This article covers the use of VB.NET Functions.
A function is a reusable block of code that runs only when called. Functions saves time, increase re-usability and makes your code simpler to read. Functions make use of arguments and parameters to receive data and output a result accordingly. This allows for a greater deal of flexibility on your code.
VB.NET offers both Functions as well as Sub Procedures. The difference between them is that Functions return a value, while Procedures do not. Returning values will be explained further in this article.
Defining a Function
VB.NET Functions follow the below format. Not all of the Keywords used down there are all compulsory.
Protection_Level Function Function_Name (Parameters) As Return_Type 'Statements to be executed End Function
- Protection level can be set to either Public, Private or Protected. Changing the protection level changes what can access this function.
- Function Name must be a unique name which will be used to call this function.
- Parameters contain all the input parameters for this function. More on parameters and arguments below.
- Return Type determines the data type of the returned value.
Arguments and Parameters – The difference
These two terms are very interchangeable with each other, so knowing the difference isn’t that big of a deal. The terms they refer to are almost identical.
Parameters are the variables present in the parenthesis during function definition. When a method is called, the arguments are the data you pass into the method’s parameters.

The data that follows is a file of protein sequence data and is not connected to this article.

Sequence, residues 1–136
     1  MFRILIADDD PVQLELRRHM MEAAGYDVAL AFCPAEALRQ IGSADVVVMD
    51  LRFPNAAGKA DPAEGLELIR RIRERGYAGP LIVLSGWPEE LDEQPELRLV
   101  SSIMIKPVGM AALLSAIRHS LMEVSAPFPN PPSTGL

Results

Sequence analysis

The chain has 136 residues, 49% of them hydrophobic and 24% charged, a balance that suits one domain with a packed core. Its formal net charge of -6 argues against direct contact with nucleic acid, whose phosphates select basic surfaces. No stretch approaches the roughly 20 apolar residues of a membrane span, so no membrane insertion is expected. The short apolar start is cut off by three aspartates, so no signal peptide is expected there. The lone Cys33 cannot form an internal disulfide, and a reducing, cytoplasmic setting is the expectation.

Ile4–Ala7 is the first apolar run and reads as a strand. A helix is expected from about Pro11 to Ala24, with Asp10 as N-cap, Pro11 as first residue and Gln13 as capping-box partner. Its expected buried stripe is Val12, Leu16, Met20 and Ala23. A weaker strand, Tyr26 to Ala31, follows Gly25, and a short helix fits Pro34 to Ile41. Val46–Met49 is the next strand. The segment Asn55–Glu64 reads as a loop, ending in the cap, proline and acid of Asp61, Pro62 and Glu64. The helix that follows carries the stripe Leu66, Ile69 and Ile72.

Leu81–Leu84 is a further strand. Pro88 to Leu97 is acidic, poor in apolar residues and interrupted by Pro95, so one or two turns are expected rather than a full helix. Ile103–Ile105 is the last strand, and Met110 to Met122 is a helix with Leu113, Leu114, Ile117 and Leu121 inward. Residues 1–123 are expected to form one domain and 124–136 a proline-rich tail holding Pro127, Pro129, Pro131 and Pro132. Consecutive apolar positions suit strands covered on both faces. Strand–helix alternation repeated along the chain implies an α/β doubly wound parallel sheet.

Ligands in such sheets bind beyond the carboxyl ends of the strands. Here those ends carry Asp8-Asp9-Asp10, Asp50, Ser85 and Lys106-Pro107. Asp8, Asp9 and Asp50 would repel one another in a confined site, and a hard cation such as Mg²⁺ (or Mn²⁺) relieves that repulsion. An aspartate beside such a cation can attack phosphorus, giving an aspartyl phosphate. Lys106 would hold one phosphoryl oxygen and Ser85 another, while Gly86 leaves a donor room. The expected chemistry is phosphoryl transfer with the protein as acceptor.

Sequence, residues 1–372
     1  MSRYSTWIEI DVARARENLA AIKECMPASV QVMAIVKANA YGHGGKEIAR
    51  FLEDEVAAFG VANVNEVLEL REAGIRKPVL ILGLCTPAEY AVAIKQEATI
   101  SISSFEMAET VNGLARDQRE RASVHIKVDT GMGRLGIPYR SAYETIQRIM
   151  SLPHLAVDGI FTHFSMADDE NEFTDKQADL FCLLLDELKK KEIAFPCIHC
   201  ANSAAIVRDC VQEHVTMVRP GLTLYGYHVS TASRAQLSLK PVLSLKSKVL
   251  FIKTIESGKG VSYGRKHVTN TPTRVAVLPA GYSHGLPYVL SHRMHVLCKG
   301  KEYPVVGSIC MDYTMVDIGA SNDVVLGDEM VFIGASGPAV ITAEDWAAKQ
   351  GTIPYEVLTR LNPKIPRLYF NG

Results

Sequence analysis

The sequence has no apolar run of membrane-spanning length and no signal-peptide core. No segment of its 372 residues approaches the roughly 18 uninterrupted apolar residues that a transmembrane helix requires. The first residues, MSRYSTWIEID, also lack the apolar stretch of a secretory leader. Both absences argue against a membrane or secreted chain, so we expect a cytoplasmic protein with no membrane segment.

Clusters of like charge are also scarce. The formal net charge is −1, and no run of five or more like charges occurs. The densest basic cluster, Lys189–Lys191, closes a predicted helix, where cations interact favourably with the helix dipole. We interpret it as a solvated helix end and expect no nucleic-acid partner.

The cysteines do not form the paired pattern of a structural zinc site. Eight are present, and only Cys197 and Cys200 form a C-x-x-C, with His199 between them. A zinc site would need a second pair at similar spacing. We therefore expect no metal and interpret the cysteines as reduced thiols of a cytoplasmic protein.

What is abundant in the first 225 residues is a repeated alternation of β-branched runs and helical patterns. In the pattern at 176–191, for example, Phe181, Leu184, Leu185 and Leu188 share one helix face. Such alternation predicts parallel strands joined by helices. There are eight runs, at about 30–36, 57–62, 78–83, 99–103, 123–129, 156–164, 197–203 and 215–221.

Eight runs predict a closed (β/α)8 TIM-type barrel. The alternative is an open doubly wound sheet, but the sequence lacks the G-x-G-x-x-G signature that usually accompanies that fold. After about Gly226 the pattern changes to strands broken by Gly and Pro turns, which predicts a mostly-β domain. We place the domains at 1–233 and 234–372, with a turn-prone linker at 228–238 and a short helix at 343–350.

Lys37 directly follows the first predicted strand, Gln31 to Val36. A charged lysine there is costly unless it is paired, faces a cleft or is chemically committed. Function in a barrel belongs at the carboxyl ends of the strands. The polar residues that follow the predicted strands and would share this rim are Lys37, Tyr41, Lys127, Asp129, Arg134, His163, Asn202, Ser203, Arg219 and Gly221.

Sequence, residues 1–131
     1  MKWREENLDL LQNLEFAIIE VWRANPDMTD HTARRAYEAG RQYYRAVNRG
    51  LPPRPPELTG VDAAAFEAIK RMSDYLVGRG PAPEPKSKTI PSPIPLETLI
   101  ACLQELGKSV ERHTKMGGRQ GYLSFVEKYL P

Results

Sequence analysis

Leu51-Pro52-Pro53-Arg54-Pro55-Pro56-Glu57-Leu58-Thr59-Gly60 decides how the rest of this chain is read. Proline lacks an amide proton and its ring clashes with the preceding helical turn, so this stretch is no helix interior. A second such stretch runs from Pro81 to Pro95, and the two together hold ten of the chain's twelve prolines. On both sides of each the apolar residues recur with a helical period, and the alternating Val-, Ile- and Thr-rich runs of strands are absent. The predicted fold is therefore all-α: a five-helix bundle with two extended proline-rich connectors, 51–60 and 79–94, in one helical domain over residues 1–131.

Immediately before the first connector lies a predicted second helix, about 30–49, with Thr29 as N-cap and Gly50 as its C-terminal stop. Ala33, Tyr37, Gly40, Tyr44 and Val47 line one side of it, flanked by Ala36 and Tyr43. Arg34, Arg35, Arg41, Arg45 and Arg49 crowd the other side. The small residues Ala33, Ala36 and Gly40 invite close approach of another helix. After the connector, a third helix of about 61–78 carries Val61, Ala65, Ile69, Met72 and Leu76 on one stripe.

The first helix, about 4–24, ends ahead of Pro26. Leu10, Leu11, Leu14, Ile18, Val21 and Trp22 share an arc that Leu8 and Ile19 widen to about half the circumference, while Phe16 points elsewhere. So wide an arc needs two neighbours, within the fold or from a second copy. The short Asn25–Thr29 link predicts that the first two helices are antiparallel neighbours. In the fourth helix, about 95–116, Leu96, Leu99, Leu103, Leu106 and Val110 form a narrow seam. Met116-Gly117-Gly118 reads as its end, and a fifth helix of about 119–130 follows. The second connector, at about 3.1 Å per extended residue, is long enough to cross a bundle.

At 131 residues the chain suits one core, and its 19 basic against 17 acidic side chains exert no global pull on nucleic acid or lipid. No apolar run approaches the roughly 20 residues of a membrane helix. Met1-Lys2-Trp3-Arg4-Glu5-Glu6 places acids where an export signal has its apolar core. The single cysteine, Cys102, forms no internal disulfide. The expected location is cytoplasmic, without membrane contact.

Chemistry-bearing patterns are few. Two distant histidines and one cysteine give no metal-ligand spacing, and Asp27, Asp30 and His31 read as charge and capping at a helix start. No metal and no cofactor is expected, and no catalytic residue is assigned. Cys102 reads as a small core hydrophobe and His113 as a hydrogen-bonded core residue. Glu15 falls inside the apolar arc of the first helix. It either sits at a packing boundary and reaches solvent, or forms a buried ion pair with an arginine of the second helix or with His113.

Arguments are used to pass information into the function from the rest of the program. The function can then be used to process this data and return a result.
There is no limit to the number of Arguments that can be written. There may even be no arguments at all, depending on the kind of function you’re making. Use commas to separate arguments in a function.
Keep in mind the number of arguments you insert into a function call. The number of arguments should be exactly equal to the number of parameters.
In the example below, the variable
name is the input parameter, where as the value, “Jim”, passed in the function call is the argument. Note the position of the Function. It is between the Module statement and Sub Main(). Remember that Main() is also a method (Function).
Module Module1 Function testfunction(ByVal name As String) As String Return "Hello " + name End Function Sub Main() Dim result As String result = testfunction("Jim") Console.WriteLine(result) End Sub End Module
All parameters have to be defined with their data types and with either
ByRef. ByVal sends a copy of the argument’s value to the procedure. ByRef sends a reference indicating where the value is stored, allowing the procedure to actually change the argument’s original value. Unless you know what you’re doing, stick to using
The rest is self -explanatory. The function takes “Jim” as an input, concatenates it to “Hello” and prints it. This function can be run as many times as you wish simply by repeating the function call. Notice that
Return does not print out the value on its own. It simply “returns” the value, what happens afterword is upto you.
Functions with Multiple Arguments
In this example we’ll go make a simple function with two parameters.
Module Module1 Function Add(ByVal num1 As Integer, ByVal num2 As Integer) As Integer Return num1 + num2 End Function Sub Main() Dim result As Integer result = Add(5, 2) Console.WriteLine(result) result = Add(6, 3) Console.WriteLine(result) End Sub End Module
This marks the end of the VB.NET Functions article. Any suggestions or contributions for CodersLegacy are more than welcome. Any questions can be asked below in the comment section.